Creating better schools?

In recent years, many have called for improvement in public schools, decrying the poor achievement of many students, particularly students who have low incomes, disabilities, or other factors that place them at risk. A Nation at Risk under George Bush senior set the stage for the Goals 2000 legislation during the Clinton administration, and culminating in the passage of the No Child Left Behind Act (NCLB) under George W. Bush.
Do schools need improvement? Virtually all analysts agree that they do. However, some disagree that schools have become suddenly worse or that the United States is at a competitive disadvantage. But most agree that students who are poor, have disabilities, are at risk, or highly able and gifted, often don’t receive appropriate education.

The debate has grown stronger with the passage of No Child Left Behind (NCLB) regarding how we meet the needs of diverse students. While there has always been a wide spectrum of abilities in almost every classroom, the assumed “typical” student has become increasingly rare in recent years. Parents of students who are have high abilities have long pressed for improved opportunities in school. NCLB acknowledges the existence of diverse students by placing explicit emphasis on demographic subgroups: members of some racial and ethnic groups, students with limited English language proficiency, students with disabilities, and students deemed “at-risk”.

Different policy initiatives have taken somewhat different approaches to improving education. NCLB extended the standards movement begun under the Goals 2000 legislation, to focus on several interactive policy measures: (1) setting standards for each grade level -- in practice, lists of information and skills, (2) establishing standardized tests from grades 3-8, (3) and providing repercussions when students do not meet expectations. These begin with letting parents know that their school is a ‘failing’ school to reconstitution of the school staff.
Legislation related to students with disabilities took a different approach.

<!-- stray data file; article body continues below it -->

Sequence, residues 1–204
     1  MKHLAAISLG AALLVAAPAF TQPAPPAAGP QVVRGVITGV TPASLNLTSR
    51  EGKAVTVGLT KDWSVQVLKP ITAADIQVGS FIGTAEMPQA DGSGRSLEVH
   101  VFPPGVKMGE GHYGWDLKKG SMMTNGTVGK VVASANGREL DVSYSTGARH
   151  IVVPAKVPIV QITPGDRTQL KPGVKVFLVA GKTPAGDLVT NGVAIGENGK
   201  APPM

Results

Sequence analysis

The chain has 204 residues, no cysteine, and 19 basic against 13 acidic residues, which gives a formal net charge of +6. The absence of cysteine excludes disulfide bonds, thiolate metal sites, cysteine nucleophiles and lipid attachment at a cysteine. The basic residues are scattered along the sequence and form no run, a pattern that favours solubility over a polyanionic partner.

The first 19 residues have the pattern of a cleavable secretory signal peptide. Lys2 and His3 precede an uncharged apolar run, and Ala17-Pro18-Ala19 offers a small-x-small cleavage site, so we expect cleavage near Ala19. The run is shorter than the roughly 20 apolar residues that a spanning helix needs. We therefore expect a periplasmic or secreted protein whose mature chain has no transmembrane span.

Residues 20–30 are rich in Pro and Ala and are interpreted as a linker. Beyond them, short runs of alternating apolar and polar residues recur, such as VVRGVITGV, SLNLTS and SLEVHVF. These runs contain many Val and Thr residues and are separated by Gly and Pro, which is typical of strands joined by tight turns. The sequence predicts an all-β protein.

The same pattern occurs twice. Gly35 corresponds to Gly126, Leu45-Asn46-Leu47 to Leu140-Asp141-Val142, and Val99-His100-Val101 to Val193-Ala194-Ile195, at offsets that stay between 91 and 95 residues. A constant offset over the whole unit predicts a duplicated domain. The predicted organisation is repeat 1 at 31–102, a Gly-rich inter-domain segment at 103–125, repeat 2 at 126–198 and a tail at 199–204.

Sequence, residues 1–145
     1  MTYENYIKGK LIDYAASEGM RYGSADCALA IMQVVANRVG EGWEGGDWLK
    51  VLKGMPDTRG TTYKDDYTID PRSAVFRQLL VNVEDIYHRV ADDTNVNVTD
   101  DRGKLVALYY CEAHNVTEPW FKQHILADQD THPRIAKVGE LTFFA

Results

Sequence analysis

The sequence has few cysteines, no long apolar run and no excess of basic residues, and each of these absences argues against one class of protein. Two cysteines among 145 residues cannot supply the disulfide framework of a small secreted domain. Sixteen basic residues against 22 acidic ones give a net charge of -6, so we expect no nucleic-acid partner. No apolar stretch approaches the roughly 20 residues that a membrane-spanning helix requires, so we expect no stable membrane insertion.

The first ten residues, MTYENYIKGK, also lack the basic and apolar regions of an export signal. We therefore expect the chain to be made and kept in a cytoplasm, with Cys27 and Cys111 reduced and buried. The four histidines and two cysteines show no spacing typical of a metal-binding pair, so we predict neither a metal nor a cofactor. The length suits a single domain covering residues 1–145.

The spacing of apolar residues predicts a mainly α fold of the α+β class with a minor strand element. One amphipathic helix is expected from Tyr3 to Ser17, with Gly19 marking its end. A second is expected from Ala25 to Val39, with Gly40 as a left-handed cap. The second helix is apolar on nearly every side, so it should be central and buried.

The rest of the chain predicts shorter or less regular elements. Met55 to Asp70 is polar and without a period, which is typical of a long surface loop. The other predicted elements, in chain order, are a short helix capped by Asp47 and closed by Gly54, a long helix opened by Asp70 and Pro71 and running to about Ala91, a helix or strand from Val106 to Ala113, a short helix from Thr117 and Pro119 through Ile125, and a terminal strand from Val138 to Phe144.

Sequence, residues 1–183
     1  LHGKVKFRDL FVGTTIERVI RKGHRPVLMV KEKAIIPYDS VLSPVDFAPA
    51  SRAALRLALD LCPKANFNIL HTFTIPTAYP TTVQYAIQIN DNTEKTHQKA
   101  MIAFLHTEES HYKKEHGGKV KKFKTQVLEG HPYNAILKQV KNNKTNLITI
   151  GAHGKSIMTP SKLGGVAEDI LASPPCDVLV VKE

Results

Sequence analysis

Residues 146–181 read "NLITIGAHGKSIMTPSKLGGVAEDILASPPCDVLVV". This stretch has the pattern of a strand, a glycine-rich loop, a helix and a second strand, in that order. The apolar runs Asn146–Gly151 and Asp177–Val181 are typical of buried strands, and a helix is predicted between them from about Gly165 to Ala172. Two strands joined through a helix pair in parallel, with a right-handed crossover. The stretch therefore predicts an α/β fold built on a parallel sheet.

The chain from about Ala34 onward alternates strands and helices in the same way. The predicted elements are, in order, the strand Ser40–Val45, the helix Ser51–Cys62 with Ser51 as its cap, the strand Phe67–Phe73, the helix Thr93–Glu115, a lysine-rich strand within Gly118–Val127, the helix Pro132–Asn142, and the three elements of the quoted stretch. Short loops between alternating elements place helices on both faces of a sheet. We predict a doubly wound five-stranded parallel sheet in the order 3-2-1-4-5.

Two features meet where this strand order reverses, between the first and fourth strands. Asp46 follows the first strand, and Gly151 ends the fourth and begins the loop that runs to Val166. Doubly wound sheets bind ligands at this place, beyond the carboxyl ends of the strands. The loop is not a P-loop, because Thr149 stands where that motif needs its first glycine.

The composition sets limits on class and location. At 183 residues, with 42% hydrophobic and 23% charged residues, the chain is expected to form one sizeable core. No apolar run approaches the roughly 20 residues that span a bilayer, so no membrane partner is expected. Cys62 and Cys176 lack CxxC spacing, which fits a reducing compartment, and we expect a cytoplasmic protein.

In 1975, the Education for All Handicapped Children developed a revolutionary policy – that all students should be educated by public schools no matter the severity of their disability in the “least restrictive environment”, the regular class supplemental services being the preferred placement. The legislation, now known as the Individuals with Disabilities Education Act (IDEA) centers on the development of Individualized Educational Programs (IEP) for students with disabilities based on their needs, ‘least restrictive environment’, assurance that parents have a right to due process when disagreements occur, and that all students have the right to a ‘free and appropriate public education’.

For all the fanfare about identifying outcomes of learning (standards) and the accountability of schools to produce such outcomes, there has been relatively little discussion in policy about how effective schooling and teaching practices actually look. The closest to such dialogue is related to the development of early reading where direct instruction via phonemic awareness and phonics has won the short-term political war against those promoting more student-centered approaches. Clearly, if we want to create schools in which all children succeed to their highest abilities, then we must understand what practices support such outcomes and what practices are detrimental. That has been the role of our work in “Whole Schooling”.

Michael Peterson, 2005